Perhaps no other literary figure has transformed the American religious landscape in recent history as much as C. S. Lewis. Even before the international publication and incredible success of his fictional works such as The Chronicles of Narnia or apologetic works like Mere Christianity, Lewis was already being read "across the pond" in America. But who exactly was reading his work? And how was he received?
With fresh research and shrewd analysis, this volume by noted historian Mark A. Noll considers the surprising reception of Lewis among Roman Catholic, mainline Protestant, and evangelical readers to see how early readings of the Oxford don shaped his later influence.
Based on the annual lecture series hosted at Wheaton College's Marion E. Wade Center, volumes in the Hansen Lectureship Series reflect on the imaginative work and lasting influence of seven British authors: Owen Barfield, G. K. Chesterton, C. S. Lewis, George MacDonald, Dorothy L. Sayers, J. R. R. Tolkien, and Charles Williams.
"This is a deeply informed, fascinating account of the varying fortunes of C. S. Lewis's writings in America. Initial misunderstanding and mistrust give way to respect, and then to reverence, and ultimately to something not far from idolatry. Noll tells the tale vividly, and the responses from Johnson, Farney, and Black point out some vital implications of this history for Christians today. A welcome addition both to Lewis scholarship and contemporary Christian self-reflection."
"An invaluable assessment of Lewis's reception in the United States, offering important insights into both Lewis's significance and the distinctives of the American religious mind."
"Every time I start to think there is nothing more to say about Lewis, a new book comes out proving me wrong. Mark Noll's C. S. Lewis in America helpfully maps the progress of the Oxford don toward the dominant position he now enjoys as evangelicalism's favorite Brit. Noll and his respondents helpfully evaluate and nuance Lewis's reception here. A valuable contribution to Lewis studies."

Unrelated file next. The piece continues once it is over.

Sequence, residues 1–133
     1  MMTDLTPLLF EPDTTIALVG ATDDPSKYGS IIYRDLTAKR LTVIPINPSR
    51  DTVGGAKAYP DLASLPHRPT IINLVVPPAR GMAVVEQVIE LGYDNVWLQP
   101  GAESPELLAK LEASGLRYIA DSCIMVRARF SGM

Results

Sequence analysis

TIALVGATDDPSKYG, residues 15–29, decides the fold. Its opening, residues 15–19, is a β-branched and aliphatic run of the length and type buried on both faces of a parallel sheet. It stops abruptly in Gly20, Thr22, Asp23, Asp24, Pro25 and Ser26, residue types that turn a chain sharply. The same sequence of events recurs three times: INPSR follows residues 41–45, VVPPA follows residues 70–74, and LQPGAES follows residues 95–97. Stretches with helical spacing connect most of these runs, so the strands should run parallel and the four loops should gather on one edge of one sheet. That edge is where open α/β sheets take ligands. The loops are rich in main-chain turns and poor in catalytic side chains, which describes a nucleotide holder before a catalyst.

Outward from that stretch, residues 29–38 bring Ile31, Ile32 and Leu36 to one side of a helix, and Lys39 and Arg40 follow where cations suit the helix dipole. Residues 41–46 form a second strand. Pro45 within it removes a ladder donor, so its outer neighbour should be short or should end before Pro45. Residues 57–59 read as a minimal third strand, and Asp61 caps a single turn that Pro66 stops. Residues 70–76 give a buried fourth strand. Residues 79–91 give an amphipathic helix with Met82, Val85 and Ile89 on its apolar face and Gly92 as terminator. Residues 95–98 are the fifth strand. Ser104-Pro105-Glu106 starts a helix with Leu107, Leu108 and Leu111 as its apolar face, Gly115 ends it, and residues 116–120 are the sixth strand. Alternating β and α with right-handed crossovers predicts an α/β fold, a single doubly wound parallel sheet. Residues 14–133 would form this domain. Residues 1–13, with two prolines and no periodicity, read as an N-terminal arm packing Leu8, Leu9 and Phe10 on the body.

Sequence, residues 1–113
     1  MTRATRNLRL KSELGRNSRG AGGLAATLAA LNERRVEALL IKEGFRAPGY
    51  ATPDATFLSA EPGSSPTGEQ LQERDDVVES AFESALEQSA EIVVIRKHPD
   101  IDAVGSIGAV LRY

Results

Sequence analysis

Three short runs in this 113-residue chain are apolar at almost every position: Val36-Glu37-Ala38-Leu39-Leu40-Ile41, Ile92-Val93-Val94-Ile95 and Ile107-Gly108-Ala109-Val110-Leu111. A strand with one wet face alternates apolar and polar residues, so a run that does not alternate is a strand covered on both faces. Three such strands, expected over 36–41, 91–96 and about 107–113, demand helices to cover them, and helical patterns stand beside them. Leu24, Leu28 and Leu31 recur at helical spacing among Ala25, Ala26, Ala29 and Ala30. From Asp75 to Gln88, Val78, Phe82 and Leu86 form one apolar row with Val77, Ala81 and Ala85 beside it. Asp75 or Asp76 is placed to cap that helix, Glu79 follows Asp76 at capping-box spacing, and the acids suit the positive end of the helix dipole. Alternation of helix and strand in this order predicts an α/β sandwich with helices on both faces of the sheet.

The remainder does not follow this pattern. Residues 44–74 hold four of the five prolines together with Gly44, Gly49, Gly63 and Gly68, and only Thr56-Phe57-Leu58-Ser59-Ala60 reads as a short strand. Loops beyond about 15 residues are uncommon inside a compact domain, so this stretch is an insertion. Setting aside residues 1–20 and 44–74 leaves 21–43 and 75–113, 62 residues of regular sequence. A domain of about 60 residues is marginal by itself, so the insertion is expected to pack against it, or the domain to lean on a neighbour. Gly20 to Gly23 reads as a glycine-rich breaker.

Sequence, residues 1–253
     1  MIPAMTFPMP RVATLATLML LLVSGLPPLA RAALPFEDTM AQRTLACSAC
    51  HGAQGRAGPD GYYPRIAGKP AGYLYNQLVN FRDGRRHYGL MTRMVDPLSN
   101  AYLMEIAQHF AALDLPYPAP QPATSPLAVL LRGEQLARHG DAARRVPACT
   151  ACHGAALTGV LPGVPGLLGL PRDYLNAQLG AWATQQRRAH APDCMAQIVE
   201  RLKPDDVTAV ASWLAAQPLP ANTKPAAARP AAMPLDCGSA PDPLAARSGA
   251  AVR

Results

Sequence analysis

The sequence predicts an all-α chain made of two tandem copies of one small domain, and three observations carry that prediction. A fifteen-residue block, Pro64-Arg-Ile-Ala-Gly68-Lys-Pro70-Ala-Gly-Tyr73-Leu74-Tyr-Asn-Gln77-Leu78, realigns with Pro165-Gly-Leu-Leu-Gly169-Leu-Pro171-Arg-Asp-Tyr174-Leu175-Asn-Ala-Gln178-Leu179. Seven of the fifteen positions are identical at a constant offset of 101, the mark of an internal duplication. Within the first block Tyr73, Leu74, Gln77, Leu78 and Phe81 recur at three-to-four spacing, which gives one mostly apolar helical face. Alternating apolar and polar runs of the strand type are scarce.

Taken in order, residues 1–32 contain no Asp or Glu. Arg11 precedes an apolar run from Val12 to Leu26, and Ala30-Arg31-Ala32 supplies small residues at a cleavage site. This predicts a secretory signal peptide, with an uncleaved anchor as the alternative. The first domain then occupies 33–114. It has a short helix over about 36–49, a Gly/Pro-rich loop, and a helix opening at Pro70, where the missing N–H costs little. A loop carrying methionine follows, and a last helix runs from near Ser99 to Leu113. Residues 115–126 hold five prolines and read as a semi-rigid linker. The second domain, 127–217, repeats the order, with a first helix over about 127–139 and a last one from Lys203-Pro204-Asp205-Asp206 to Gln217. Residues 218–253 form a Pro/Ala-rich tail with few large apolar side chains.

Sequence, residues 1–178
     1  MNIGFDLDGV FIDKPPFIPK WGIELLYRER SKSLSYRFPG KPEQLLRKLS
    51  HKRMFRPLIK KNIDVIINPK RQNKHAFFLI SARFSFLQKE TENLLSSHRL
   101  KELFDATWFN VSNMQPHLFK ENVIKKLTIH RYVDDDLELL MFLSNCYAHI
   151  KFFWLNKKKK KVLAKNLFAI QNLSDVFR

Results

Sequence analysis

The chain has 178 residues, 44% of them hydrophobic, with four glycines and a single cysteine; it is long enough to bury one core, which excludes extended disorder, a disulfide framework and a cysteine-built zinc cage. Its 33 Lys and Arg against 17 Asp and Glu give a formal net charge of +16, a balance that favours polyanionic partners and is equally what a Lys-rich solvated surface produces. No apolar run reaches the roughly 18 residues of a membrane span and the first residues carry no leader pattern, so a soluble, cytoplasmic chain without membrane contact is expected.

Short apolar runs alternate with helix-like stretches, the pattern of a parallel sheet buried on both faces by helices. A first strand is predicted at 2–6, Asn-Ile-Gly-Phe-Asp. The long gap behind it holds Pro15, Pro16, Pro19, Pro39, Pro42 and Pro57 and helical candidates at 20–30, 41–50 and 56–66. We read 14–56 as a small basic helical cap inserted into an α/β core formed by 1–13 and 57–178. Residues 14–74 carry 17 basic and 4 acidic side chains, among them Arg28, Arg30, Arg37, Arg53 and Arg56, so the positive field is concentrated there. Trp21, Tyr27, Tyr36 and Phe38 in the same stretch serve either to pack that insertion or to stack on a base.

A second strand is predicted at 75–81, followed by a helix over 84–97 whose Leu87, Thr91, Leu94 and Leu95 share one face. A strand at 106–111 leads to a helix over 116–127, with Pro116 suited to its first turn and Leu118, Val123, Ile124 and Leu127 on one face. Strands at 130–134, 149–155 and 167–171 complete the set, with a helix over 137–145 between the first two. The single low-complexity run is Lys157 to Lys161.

"Interesting and informative. Mark Noll sheds light on the various ways American readers received Lewis's early works and, in so doing, illuminates the state of Christianity throughout the United States more generally during the period under examination. A fascinating snapshot and a cleverly oblique approach to the study of church history."
"Mark Noll offers the definitive account of Lewis's reception in mid-twentieth-century America. He skillfully uses that story as a window on the overall state of Christianity in America during an era."
"From elite, secular newspapers to denominational magazines, C. S. Lewis's writings commending the Christian faith had an enthusiastic reception in America. In this prophetic and timely book, preeminent historian Mark A. Noll has uncovered the secret of Lewis's success: he was deeply learned, theologically focused, and unusually creative. Noll himself brilliantly models how to embody these traits today."
"Mark Noll's C. S. Lewis in America gives evidence to the principle that the academic enterprise consists in seeing patterns and exceptions. Without generalizing, no body of knowledge can be passed on to others. And without accounting for exceptions, no generalization is honest. Noll has mastered the art of abstraction. With faithful respect for the particulars, he writes as Georges Seurat painted—he applies each researched point after point to the canvas of his manuscript. What emerges is a masterpiece, unambiguous. The picture is clear. Noll convinces. All who read this book will understand, with good reason, the American fascination with C. S. Lewis."
"One hundred years on, it's almost impossible for us to imagine a C. S. Lewis who was merely an Oxford professor. Mark Noll's story gives us a Lewis before he was famous."
Preface: G. Walter Hansen
Introduction: Mark A. Noll
1. Surprise: Roman Catholics as Lewis's First and Most Appreciative Readers
Response: Karen J. Johnson
2. "Like a Fresh Wind": Reception in Secular and Mainstream Media
Response: Kirk D. Farney
3. Protestants Also Approve (But Evangelicals, Only Slowly)
Response: Amy E. Black
Appendix: Charles Brady's Two Articles from America on C. S. Lewis in 1944